tn_terra cotta and hua qing ho (1)

tn_terra cotta and hua qing ho (2)

tn_terra cotta and hua qing ho (3)

tn_terra cotta and hua qing ho (4)

tn_terra cotta and hua qing ho (5)02

tn_terra cotta and hua qing ho

Terra Cotta Warriors & Hot Springs

The photos to the top left are at the Terra Cotta Warrior sight. I hope you all are reading about these places. Not only are they quite fascinating, but you’ll be able to better understand the stories you’ll be told when your kids get home. Plus, you can show them how much you know too!

The interesting photo of the two young military women on the right is, of course, our own Kaylene and Lili. They took advantage of an extremely inexpensive opportunity to dress in these costumes for the camera at the Huaqing Hot Springs. Apparently, this is the site of the famous “ Double Twelfth Incident.” For those of you who’d like to know more about this, please click here. If you are not interested, you can just stay put. : )

And the photos in the center of the bottom row shows a few of the kids drooling over their orders for Hot Pot. This is a dish that is made up of a variety of ingredients you choose yourself. A Chinese version of fondue. To make sure you’ll be ready to serve this to your kids when they get home, here are twenty-five tips for cooking Hot Pot.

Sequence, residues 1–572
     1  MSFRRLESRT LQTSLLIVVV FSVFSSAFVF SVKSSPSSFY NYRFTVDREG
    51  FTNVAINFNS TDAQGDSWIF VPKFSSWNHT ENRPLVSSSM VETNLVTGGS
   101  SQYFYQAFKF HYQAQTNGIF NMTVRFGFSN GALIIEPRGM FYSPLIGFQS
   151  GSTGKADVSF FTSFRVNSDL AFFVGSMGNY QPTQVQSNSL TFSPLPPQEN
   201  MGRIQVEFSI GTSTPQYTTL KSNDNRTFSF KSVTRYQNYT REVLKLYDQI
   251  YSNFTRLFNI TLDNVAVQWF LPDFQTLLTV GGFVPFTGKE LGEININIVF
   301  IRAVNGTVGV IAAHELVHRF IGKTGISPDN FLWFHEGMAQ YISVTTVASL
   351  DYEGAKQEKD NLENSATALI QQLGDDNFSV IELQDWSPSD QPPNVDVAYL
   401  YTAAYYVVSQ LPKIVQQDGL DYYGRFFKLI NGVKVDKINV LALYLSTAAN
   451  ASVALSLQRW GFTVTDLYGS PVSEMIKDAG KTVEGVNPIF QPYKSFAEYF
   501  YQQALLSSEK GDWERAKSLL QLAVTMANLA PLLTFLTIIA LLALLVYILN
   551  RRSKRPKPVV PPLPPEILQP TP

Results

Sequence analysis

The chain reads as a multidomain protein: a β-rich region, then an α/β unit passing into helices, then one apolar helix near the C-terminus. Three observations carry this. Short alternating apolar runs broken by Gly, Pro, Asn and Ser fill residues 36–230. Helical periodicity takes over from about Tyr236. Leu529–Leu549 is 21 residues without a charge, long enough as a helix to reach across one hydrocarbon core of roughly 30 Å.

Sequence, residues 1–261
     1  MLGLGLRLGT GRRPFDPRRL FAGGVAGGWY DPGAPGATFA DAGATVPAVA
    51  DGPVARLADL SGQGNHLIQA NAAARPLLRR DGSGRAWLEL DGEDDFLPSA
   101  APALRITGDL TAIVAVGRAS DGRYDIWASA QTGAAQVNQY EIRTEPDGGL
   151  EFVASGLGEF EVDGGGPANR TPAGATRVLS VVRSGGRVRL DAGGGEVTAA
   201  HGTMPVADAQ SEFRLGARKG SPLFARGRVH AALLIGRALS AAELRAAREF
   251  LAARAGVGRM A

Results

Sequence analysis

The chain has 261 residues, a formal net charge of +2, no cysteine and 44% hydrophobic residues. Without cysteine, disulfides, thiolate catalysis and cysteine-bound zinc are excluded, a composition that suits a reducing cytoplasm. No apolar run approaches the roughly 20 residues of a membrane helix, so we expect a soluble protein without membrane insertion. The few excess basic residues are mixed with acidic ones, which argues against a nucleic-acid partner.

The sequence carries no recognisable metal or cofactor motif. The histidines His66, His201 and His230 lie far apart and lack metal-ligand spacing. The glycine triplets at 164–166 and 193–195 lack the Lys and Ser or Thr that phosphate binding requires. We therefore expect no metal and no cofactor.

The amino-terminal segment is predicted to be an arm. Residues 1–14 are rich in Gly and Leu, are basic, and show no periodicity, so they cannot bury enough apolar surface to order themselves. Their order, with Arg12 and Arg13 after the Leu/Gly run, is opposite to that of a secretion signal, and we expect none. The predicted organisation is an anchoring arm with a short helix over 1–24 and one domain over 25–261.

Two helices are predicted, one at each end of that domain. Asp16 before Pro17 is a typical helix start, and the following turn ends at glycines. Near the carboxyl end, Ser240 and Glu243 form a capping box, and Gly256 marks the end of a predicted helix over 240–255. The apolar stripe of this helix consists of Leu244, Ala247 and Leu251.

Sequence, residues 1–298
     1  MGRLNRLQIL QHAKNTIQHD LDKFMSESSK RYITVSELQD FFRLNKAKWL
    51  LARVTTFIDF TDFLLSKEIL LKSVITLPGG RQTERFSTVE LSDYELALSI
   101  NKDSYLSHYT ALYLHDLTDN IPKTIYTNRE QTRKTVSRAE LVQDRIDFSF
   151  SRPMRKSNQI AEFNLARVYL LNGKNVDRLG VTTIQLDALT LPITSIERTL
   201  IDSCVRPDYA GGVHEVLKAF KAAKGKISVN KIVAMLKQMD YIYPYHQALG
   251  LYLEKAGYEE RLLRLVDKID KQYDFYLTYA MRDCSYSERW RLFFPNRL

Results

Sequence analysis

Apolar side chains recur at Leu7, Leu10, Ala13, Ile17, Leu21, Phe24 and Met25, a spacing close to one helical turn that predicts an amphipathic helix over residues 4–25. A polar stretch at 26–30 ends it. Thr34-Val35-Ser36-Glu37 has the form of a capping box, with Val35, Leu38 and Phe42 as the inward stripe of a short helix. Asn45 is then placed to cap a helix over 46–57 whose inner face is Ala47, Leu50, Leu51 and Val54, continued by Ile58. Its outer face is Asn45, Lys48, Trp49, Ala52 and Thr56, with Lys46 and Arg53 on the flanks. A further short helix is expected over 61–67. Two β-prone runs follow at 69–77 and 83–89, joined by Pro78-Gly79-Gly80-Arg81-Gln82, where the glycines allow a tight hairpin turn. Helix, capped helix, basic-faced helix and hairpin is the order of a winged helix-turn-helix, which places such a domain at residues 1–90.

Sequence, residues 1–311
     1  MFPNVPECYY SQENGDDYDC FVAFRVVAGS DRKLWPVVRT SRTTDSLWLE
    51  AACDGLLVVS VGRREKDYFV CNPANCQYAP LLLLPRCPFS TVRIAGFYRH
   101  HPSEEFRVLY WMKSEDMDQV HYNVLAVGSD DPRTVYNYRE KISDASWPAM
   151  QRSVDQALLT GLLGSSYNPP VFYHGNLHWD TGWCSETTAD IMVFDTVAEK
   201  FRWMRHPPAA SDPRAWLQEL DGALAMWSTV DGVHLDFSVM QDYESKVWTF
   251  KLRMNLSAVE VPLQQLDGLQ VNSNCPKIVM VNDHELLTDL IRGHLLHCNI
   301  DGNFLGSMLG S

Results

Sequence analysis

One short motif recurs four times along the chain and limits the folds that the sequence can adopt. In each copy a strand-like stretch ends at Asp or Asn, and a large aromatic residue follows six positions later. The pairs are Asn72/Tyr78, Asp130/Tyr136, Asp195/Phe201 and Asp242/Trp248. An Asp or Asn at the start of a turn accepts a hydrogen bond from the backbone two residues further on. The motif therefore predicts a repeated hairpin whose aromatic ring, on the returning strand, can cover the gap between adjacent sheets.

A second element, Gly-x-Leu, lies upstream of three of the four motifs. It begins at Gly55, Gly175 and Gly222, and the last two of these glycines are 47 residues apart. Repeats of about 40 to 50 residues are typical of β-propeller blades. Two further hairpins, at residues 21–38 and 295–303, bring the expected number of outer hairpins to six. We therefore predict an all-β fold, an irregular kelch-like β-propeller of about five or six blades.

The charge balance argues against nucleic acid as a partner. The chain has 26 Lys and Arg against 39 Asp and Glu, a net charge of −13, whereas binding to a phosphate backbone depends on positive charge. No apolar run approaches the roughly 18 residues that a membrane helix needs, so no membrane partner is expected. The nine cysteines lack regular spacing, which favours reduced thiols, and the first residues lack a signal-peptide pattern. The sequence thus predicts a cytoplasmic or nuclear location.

Okay, good stuff, eh? Yes-siree-bob! We do have a student report for you today, and this one is from Lili Bischof. Lili touches on one of the really hard emotional challenges these kids (and the adults too!) face on this journey. Lili, you’re up . . .

    Lili Bischof, Senior
    April 11, 2005

    [JINAN] As I kick back on my cotton sheets in the Jinan airport hotel, my
    mind wanders freely to yesterday when our group made a brief visit to a village outside of Qufu. When I say village, it's nothing like Townshend village or Williamsville. To the Chinese, the word "village" refers to their manmade town of stone and brick. As we drove up in our Chinese version of a Greyhound tour bus, I was astounded by the small houses made of stone. I noticed many houses had holes in their roofs and unfinished walls as the solemn dirt-caked faces of their inhabitants, the villagers, looked out at us with curiosity. Immediately I felt as if I were intruding on this tiny little village that looked as if it could be in a National Geographic snapshot. Here were dirt poor people trying to make a life for themselves while we "rich" Americans drive up gawking out bus windows,